By M. Isabel Guerra
LIMA, PERU — June 5th is the scheduled date for the second round of voting in Peru’s presidential elections. Polls indicate that the percentage of distance between the two candidates, Keiko Fujimori (Fuerza 2011) and Ollanta Humala (Gana Peru) has increased a bit, breaking their previous virtual tie. There now exists a difference estimated somewhere between 4.2 percent and 2.4 percent, according to the three most recent polls.
According to CPI pollster, conservative Fujimori obtained 53.7 percent of voting preferences, while nationalist Humala got 43.6 percent, counting only valid votes; while Ipsos Apoyo pollster reports a result of 51.4 percent- 48.6 percent, 7.4 percent.
Those two polls count only valid votes, do not count blank and null votes, but Datum (another pollster) does, and estimates that Keiko Fujimori will obtain 44 percent and Ollanta Humala 40.8 percent, as well as 10 percent of blank votes and 4.2 percent of null votes.
Peru’s candidates (L-R): Keiko Fujimori and Ollanta Humala
Conservative Keiko Fujimori is more popular in Lima and Callao, while leftist Humala leads the preferences in Central Andean and South Andean Peruvian regions.
These are the plain statistics, the facts, or at least what numbers tell us about what might happen in Peru on June 5th. However, what math can neither measure nor show is the extreme polarization that the Peruvian society is currently undergoing, at all levels.
In fact, for many Peruvians, voting in this second round means “choosing between AIDS and cancer”, as Nobel-awarded Mario Vargas Llosa put it a few weeks ago, and certainly the campaign strategies of both candidates are not making this election any easier.
They are both focusing on touching two of the Peruvian society’s most sensitive no-no buttons: inflation and terrorism.
Grossly simplifying, Keiko Fujimori offers order and economic stability by maintaining the current economic status-quo and applying some reforms, like allegedly granting social and laboral rights, and uses Humala’s closeness to Venezuela President Hugo Chavez to warn the electors against the dangers and chaos that an eventual Chavez-like government of Humala might bring to Peru.
On the other hand, Humala promises “a great social change” to allow all Peruvians to reach justice and prosperity, and reminds his supporters that human rights were systematically violated during Alberto Fujimori’s government.
In a country that lost almost 70,000 of its citizens while struggling against terrorism during some 20 years, and where hyperinflation once hit the record of 2,775 percent (in 1989), using these facts as fear tools to disqualify the rival and win votes is not a kid’s game. In fact, it’s open war.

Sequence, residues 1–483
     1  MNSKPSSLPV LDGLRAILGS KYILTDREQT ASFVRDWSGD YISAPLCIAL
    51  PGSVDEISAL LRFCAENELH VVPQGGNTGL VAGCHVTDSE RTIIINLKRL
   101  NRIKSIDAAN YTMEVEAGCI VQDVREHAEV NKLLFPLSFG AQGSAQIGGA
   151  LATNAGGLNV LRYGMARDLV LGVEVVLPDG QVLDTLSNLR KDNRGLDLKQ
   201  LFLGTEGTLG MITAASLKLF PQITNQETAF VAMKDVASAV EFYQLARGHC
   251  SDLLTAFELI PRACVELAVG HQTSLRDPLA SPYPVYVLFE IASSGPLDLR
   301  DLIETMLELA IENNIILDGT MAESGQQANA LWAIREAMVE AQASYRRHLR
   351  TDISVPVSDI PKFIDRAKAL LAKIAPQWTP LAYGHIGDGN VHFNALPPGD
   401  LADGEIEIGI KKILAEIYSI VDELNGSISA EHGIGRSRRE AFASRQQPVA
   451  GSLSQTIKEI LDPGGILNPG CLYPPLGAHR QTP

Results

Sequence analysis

As local journalist Jackeline Fowks explains, “Fear, in a society that has lived through terrorism, is gasoline next to a lit match.”
And it’s more than obvious that this odd gasoline is being freely spread around, with the convenient help of many media sectors, in order to increase the small gap between Fujimori and Humala, since the percentage of currently undecided voters ranges between 10 percent and 13 percent, according to the polls.
Widely backed by the lowest economic sectors of a country where poverty reaches 30 percent according to official figures, Humala has been trying to put distance between his radical background and his run for office in order to convince middle-class and upper-class voters that he will not roll back years of free-market reforms that have been currently guiding Peru’s booming economy.
Meanwhile, Keiko Fujimori’s electoral promises, as well as her father’s background, have earned her the support of most of the Peruvian business community, including many newspapers and related media.
She is currently focusing on getting rid of the ghosts of corruption and human rights abuses that took place during her father’s dictatorial regime, in an attempt to convince undecided voters.
The polarization among Peruvians is very visible every day in the streets, in the markets, at the universities, at workplaces, and on social networks, where everyone seems to be either encouraging his/her friends to vote for this or that candidate, or openly bullying those who say that do not agree with the suggestion.
There have been incidents of threats and attacks to some journalists, for example, allegedly demanding more objectivity and less bias in their coverage.
Although the trend seems favorable for Keiko Fujimori, there’s still room for surprises.
No one can predict for sure what will happen in Peru on June 5th. However, there’s something that should not be a surprise: no matter who wins, the gap between winner and loser is not likely to be big, and due to the strong polarization of the electorate it’s not difficult to see that a great number of Peruvians will not be happy with the results.
It’s a situation that might worsen current unsolved social conflicts and create more social unrest. We can only hope that the next government would be able to handle such a situation, if it should arise, to make this change of leadership an easier transition.
Learn more about Isabel
With a Master’s degree in Communications from the University of Lima’s School of Communication Sciences, Isabel specializes in covering stories regarding art and culture.
She also has an interest in photography, especially the area of photo journalism. She is a contributing photographer for Getty Images Latin America. Her photos can also be found in her Picasa Photo Album and in her fotoblog Bubblepics.
As if her photography doesn’t keep her busy enough, Isabel maintains the blog Las Burbujas Recargadas while also lecturing at the San Martin de Porres University’s School of Communication and serving as an author for Global Voices Online.